It’s best to practise and learn using a double action airbrush on something cheap and disposable such as a plastic container lid, a plastic spoon, or an old scrap model kit, rather than learn and make mistakes on a prize artwork or model build.
I’m going to use a piece of copy paper attached to a clipboard because it’s something most people will have access to.
NOTE: if you plan on painting something like scale models where there surface is not porous like it is on a piece of paper, be aware that the finish on paper will be slightly different to that on non-porous plastic. It’s worth also practising on something non-porous like a plastic lid or container if you can get your hands on one.
With all of this in mind let’s start from the beginning on some very basic steps to simply get you familiar with a double action airbrush.
It’s beyond the scope of a single article to get too in-depth, however you’ll get enough from the steps below to know how the airbrush works and to make a start on whatever it is you want to create or paint. 👍
Step 1: Load Suitably Thinned Paint
Start by loading paint into your airbrush that’s been suitably thinned.
If you’re unsure on how to thin your paints at this point start your practise with some pre-thinned airbrush-ready paint.
If you have a source of compressed air with a pressure regulator on it set the pressure to 20 psi.
Step 2: Press The Trigger For Air Only
Push the trigger down to get a flow of air moving so that you can experience what it feels and sounds like.
Do not pull the trigger back for paint yet, simply run the airbrush across the paper or surface you’re painting on at different distances to see how it feels when the air hits it.
After a short while of doing this move on to Step 3…
Step 3: Initial Test With Paint
Start by pushing the trigger down to get the air flowing and begin moving the airbrush across the page from side to side and down with deliberate strokes with the airbrush about four inches from the surface.
As you start to move the airbrush pull the trigger back as far as you want to get some paint flowing and simply watch what happens.
Once you’ve completed a few side to side passes, pull the trigger to the full open position and continue on down the page or surface.
What you’re aiming to do is learn how the airbrush paints a surface when the paint trigger is fully open.
Once you made a number of passes with the maximum flow of paint coming out move on to the next step.
You may need to refill your airbrush with paint first as the maximum paint flow of an airbrush can cause you to use a lot of paint quickly.
Step 4: Test Close To The Surface With Minimal Paint
Now hold your airbrush half an inch to the surface of whatever you’re painting and press the trigger down to get air flowing.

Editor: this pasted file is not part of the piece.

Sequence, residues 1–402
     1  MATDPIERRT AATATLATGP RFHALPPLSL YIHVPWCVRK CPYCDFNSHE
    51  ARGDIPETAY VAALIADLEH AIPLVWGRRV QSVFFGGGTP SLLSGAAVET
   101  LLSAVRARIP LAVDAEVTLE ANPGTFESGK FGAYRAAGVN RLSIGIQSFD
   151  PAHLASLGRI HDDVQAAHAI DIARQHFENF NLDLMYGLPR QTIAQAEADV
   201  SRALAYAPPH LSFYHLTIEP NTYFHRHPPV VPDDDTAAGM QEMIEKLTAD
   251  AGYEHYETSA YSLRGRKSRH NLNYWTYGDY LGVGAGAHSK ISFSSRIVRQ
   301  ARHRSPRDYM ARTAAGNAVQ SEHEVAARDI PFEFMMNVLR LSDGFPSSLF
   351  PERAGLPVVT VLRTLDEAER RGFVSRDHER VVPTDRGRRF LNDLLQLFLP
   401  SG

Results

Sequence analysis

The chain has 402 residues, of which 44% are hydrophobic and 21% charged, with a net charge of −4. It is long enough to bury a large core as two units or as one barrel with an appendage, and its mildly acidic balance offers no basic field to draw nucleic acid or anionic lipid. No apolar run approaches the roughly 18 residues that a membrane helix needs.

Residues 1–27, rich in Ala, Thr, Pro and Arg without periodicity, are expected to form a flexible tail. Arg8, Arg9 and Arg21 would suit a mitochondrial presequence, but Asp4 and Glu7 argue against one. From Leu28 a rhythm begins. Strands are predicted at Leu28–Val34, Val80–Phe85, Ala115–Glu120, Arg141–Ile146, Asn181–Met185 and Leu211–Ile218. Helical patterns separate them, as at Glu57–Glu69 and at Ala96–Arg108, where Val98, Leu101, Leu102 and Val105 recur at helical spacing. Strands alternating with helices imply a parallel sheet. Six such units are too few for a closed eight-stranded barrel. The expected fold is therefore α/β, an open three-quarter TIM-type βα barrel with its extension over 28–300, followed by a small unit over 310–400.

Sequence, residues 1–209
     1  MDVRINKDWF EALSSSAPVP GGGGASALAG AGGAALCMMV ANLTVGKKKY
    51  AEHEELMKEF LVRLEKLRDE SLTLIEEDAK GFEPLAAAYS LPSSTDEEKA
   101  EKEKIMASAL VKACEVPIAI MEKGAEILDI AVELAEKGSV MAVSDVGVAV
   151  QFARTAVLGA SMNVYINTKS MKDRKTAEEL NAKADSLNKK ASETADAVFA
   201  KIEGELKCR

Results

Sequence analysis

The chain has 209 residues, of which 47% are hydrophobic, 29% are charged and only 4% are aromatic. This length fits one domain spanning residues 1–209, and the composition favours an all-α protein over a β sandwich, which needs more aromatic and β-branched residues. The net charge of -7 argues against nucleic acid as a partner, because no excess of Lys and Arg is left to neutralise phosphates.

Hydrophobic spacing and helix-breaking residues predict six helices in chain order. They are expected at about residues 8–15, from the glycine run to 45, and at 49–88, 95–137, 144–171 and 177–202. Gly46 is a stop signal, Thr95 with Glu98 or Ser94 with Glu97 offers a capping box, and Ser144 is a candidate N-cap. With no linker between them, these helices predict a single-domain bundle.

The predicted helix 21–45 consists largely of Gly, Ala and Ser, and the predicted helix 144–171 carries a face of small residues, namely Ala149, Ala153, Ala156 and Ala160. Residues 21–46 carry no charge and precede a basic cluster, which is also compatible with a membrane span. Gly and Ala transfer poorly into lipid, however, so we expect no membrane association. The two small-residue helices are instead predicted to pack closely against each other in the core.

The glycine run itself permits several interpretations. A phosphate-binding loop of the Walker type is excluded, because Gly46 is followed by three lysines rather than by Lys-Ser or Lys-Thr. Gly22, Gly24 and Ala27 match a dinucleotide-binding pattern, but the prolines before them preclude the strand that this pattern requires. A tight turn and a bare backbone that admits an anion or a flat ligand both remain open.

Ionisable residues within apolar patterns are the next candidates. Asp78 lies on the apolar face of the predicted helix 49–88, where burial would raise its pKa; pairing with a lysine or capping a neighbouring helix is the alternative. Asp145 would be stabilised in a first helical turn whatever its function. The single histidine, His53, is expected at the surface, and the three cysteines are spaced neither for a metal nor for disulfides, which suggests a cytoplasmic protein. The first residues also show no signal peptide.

Very slowly pull back on the trigger once the air is flowing until you get the smallest amount of paint possible mixing with the air and spraying onto your job.
When you see the paint hit the surface start moving the airbrush sideways or down and draw the finest line you possibly can.
You should also alternate moving the airbrush a little closer and a littler further away to see how the distance affects the line you’re painting.
You should see that the closer you go the finer and more crisp the line becomes, and vice-versa.
Do this for as long as you want to see how crisp and fine a line you can get, and then move on to Step 5…
Step 5: Test Further Away With Medium Paint
Now move the airbrush to approximately 3-4 inches away from the surface and press the trigger down to get air flowing.
As you then start to move your hand from side to side pull the trigger back through half its range of motion to get a medium amount of paint to spray onto the surface.
Regulate how fast you move your hand so that you get a good coverage of paint, but not so much that it starts to pool or run.
Step 6: Intentionally Make The Paint Run
In this step you’re going to experience what it’s like to get paint runs and pools in your work.
Doing this intentionally on a practise surface will give you the knowledge and skill you need to identify when it’s about to happen on your important projects and avoid it entirely.
Hold your airbrush an inch from the surface and press the trigger to get air flowing.
Start moving your hand very slowing sideways and pull the trigger back all the way to get the maximum amount of paint flowing.
You should see the paint build up very quickly on the surface and run down the page, and you might also get spidering which is when paint pools and the compressed air then makes it spread out like spiders legs.
NOTE: If you’re using paper, which is reasonably absorbent, it will take more paint to force it to run, and unless your paint is fairly thin it may not run at all. Instead, what you’ll see is the paint pool and start to form waves as the air pressure pushes on the pooled paint.